Elma Ruth Volkman, 82, passed away Oct. 20, 2011, at Verde Valley Medical Center in Cottonwood, Ariz. Born April 13, 1929 to Benjamin and Margaret Klaassen in Goessel, Kan., she had three brothers: Earl, Max and Garfield. Most of her childhood was spent on their farm near Hillsboro, Kan., and she graduated from Hillsboro High School in 1947. She married Darrell Volkman in 1950, and they had four children.

  • Wilma L. Gutsch

    Wilma Gutsch, 85, of Burdick died Sunday at Morris County Hospital, Council Grove. She was born June 14, 1926, to William L. and Laura (Burns) Huyler.

  • LaVada D. Hass

    LaVada D. Hass, 85, died Sept. 26 at Shabbona Health Care Center, Shabbona, Ill. She was born Jan. 16, 1926 in Herington, the daughter of Fredrick W. and Ida (Utech) Lietz. She worked as an office manager for a doctor in Wheaton.

  • Wilma E. Kandt

    Wilma Kandt, 77, of Woodbine died Monday at her home. She was born March 11, 1934, at Talmage to Clarence H. and Etta H. (Watt) Bowyer. Kandt was a homemaker. She was a member of Immanuel Lutheran Church. She graduated from Chapman High School with the class of 1952.

  • Donald Riffel

    Donald Riffel, 73, died Oct. 22, 2011, at Norman Regional Hospital in Norman, Okla. He was born April 18, 1938, in Lost Springs to Edward and Irene Benhardt Riffel. He was a retired truck driver.



  • Soybean yields down this year

    Soybean prices may be a bit higher this year than last, but, with the 2011 harvest almost complete, average yields are down to half of what they were last year, Hillsboro Cooperative Grain and Supply grain coordinator Dick Tippin said Thursday. “The drought had some effect,” Tippin said. “Soybean yields are low this year, averaging around 15 bushels per acre. Last year we had around 30.”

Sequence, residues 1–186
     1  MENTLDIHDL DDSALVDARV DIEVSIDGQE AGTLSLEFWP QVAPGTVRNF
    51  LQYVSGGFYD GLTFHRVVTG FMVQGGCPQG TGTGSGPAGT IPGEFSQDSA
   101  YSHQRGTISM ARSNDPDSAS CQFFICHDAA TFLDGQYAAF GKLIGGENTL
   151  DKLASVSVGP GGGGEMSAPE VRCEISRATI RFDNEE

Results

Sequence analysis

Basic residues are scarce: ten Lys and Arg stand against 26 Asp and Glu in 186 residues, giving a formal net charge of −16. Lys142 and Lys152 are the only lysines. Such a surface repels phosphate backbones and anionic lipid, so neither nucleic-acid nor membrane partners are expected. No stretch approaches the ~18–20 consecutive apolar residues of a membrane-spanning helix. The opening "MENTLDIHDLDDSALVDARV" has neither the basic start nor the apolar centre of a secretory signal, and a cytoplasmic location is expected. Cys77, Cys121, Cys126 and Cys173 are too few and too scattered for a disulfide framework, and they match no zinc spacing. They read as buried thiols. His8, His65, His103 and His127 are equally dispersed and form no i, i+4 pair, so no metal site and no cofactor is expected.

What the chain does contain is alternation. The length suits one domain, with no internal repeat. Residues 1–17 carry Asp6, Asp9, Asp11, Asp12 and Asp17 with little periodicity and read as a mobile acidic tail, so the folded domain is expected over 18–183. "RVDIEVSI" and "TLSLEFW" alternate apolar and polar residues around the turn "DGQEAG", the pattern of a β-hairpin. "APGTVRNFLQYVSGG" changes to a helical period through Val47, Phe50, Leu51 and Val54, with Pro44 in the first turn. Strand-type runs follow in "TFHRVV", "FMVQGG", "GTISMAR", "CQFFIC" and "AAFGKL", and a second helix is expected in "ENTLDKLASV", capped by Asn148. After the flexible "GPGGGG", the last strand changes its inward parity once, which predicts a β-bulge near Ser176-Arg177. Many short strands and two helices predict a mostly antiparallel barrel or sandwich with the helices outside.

• Ramona rancher taught, learned on foreign trip

    Why was Cow Camp Ranch owner Mark Brunner of Ramona traveling throughout Russia and Kazakhstan Oct. 6 through Oct. 17? He was following the winding road of ranching economics. Brunner was part of a group of five producers — Brunner plus two farmers from Kansas and two ranchers from Montana and Colorado — that went on the Kansas Department of Agriculture sponsored trip to Kazakhstan and Russia. Gov. Sam Brownback and Kansas Secretary of Agriculture Dale Rodman spearheaded the trip and headlined meetings with Russian and Kazakhstani government officials.

  • High technology revolutionizes farming

    Online gamers by the millions have flocked to Farmville, a computer simulation game where they create and manage virtual farms, but emerging technologies in the real world of farming are no game, with an increasing number of advances that promise to make farming more efficient, more profitable, and more environmentally-friendly. “It’s changing — it’s crazy,” said Randy Rice, agricultural management systems consultant for PrairieLand Partners of Marion. “Ten years ago, technology was for the big guys, but the last few years it has exploded.”